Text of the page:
Alaska Native/Indigenous People

Poem by Crystal Dzehgak Frank

Crystal Dzehgak Frank and her late Shitsuu Naomi. Courtesy photo

Crystal Dzehgak Frank’s mom, Caroline Tritt-Frank, was recently featured on the Athabascan Woman Blog. Dzehgak shared her poetry with me and graciously agreed to share one of them. It is a beautiful tribute to her late grandmother or shitsuu, Naomi Tritt (Gwich’in) ~ 1926-2017. Continue reading “Poem by Crystal Dzehgak Frank”

Alaska Native/Indigenous People, Athabascan in the Spotlight

Caroline Tritt-Frank – Gwich’in Language Educator

Caroline Tritt-Frank studying by headlamp. Photo by Kenneth Frank

Caroline Tritt-Frank (Gwich’in) was recently named a 2020 Distinguished Alumnus Award winner through the University of Alaska Fairbanks (UAF)! I reached out to her to learn more about her and her accomplishments. UAF alumni are selected for the award based on meritorious service on behalf of UAF, distinguished accomplishments in business and professional life, or distinguished human service in community affairs. She is a lead teacher at the Fairbanks Native Association. Continue reading “Caroline Tritt-Frank – Gwich’in Language Educator”

Alaska Native/Indigenous People

Odin Peter-Raboff – Gwich’in & Koyukon Business Owner

Odin Peter-Raboff. Courtesy photo

I recently ran into a friend, Odin Peter-Raboff (Gwich’in/Koyukon Athabascan). He is the owner of Nomadic Stars, and they do screen printing and create promotional items in Fairbanks. You may occasionally see them at a booth at the Alaska Federation of Natives Convention and other events. He expanded his business to Anchorage recently and I asked him if he’d would share about it.

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My name is Odin Peter-Raboff. My grandfather was the late Steven Peter of Arctic Village and the late Katherine Peter of Steven’s Village, Fort Yukon and Arctic Village. My mother is Adeline Raboff of Arctic Village and Fort Yukon and my father was the late Ernest Raboff of California and New Jersey. Continue reading “Odin Peter-Raboff – Gwich’in & Koyukon Business Owner”

Alaska Native culture

Tell Your Story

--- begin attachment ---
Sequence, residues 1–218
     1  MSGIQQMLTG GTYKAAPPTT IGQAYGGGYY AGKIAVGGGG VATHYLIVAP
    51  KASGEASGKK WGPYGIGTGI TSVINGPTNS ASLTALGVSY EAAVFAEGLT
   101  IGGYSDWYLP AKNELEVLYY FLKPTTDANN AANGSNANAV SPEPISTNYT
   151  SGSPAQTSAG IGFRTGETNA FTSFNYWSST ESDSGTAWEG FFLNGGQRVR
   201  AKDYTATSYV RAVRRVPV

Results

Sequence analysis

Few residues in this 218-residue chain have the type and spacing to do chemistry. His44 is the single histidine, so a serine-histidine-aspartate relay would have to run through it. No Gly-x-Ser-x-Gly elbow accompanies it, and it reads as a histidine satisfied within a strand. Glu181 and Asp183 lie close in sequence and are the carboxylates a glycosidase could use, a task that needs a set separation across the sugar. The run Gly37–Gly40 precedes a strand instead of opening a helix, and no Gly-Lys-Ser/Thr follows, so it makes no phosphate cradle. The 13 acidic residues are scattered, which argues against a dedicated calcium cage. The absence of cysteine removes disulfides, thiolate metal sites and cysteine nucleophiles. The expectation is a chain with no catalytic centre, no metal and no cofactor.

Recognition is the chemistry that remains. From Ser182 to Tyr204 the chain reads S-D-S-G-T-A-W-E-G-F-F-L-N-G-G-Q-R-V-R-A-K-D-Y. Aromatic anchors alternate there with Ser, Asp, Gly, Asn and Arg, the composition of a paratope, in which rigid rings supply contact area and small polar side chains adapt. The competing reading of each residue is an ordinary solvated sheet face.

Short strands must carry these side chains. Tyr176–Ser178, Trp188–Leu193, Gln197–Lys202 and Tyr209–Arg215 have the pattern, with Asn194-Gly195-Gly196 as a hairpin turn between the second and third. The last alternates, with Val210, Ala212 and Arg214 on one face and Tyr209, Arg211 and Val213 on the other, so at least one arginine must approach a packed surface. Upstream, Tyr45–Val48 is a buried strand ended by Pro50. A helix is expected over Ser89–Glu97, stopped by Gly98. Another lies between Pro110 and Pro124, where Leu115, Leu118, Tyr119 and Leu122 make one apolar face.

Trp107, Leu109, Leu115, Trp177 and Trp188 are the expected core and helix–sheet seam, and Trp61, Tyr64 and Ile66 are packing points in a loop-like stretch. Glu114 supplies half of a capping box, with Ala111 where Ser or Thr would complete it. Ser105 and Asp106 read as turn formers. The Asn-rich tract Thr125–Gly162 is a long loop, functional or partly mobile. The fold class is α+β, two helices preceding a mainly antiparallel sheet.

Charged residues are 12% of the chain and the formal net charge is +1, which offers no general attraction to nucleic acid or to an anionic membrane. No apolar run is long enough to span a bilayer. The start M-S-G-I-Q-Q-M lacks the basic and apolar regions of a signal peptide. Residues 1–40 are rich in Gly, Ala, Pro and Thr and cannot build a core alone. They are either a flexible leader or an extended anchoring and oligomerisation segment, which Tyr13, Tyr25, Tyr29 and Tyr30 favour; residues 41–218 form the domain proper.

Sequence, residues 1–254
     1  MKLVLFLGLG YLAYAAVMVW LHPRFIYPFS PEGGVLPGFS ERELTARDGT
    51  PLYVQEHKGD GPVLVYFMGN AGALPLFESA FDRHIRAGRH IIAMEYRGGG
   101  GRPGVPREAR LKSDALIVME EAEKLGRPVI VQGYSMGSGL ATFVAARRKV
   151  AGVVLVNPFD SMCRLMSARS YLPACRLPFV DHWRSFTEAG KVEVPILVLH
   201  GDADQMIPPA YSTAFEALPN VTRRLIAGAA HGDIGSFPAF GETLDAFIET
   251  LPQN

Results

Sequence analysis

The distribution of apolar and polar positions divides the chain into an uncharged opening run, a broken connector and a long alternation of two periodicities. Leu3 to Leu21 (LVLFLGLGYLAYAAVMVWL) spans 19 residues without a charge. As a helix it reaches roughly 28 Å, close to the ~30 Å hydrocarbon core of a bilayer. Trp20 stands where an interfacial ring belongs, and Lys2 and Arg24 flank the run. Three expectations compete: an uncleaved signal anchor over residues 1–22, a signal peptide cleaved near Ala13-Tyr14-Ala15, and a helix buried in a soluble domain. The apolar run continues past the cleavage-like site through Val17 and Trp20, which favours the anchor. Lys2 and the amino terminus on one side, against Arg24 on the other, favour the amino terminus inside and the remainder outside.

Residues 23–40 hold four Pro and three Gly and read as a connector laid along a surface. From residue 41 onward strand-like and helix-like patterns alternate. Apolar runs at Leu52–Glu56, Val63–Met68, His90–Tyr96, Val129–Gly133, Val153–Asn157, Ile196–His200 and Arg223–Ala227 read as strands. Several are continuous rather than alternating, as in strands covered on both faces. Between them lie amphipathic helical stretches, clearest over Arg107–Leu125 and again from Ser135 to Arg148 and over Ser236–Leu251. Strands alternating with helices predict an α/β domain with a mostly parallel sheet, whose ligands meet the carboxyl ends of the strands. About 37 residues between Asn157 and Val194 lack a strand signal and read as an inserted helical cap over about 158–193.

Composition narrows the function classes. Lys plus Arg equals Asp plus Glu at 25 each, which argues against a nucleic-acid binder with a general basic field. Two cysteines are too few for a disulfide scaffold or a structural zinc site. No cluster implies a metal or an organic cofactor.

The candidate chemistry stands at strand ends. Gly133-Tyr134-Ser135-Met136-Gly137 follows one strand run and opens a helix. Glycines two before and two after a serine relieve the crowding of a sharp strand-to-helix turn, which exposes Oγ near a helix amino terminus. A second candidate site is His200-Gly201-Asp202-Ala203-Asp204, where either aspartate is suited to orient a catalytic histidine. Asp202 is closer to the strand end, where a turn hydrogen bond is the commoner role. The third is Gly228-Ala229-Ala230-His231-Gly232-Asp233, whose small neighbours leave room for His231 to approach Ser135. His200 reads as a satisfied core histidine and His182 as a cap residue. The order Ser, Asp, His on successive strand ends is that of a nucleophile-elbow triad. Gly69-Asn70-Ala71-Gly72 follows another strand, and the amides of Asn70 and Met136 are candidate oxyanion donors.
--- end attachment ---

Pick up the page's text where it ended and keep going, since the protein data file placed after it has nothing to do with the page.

Koyukuk River north of Huslia. Photo by Angela Łot’oydaatlno Gonzalez

Since I’ve had the Athabascan Woman Blog, people have asked me how to start a blog. I want to share some tips about how to get started and other ways to share your story.

Expressing yourself and publishing your creative work has never been easier, thanks to the blog. Blogging can be an avenue for advocacy to speak out on important issues in your community. Some sample blogging platforms include Wordress, Blogger, Tumblr and Weebly. Most are user friendly.

I share my stories, interviews with Indigenous people, photography, ‘how to’ bead videos and tips, and more. But I’ve seen blogs dedicated to photography, vlogging and podcasting. Find out the medium that interests you and try it. Ask people for advice. Continue reading “Tell Your Story”

Alaska Native culture

Traditional Ways of Life

I shared a picture of a young Gwich’in woman, Quannah Potts, on the Athabascan Woman Blog Facebook page. Quannah Potts says, “This year, I was blessed with shooting my first caribou and our future generations should have the same privilege of being able to hunt and live their ways of life.”

Someone said, “Although using rifles and snowmobiles, ATVs and the like is hardly ‘traditional’…..”

I responded by thanking him for his comment… It brings to light one of the reason I write and share on my blog. The act of spending time on the land and providing for her family is traditional. The tradition of giving parts of the caribou from first catches to Elders or other families is traditional. Alaska Native would not have survived 10,000+ years if we were not adaptable. We moved around on the land with the seasons and the availability of plants, animals, currents, cycles and conditions. We were not static people living in one certain way. I would not expect people to be driving around by horse and buggy from a century+ ago. The only people who can critique Quannah on whether or not she is traditional is her mother, grandparents and community Elders.

I’ve had conversations about what is traditional and contemporary. I say living our ways of life is traditional whether or not we use contemporary tools.

When we give our first catch to Elders or other family members despite shooting with a rifle – that’s traditional.

When we sometimes sing and dance despite it being with a fiddle – that’s traditional.

When we celebrate a memorial potlatch despite it being in a school gym vs. a community hall – that’s traditional.

When we pick berries despite using an ATV or boat – that’s traditional.

When my family fishes despite using a commercial fish net vs. a fish trap – that’s traditional.

When I bead slipper tops on smoked moose skin despite being on hard bottom moccasins – that’s traditional.

When I use beads in my beadwork introduced in the past couple of centuries despite it not being quills – that’s traditional.

When I learn and share the Denaakk’e language despite being on a paper book, by video or audio recording – that’s traditional.

When I share stories despite it being on a blog vs. oratory – that’s traditional.

What would you add? We need to continue sharing our perspectives, stories, culture, language and ways of life. Enaa baasee’.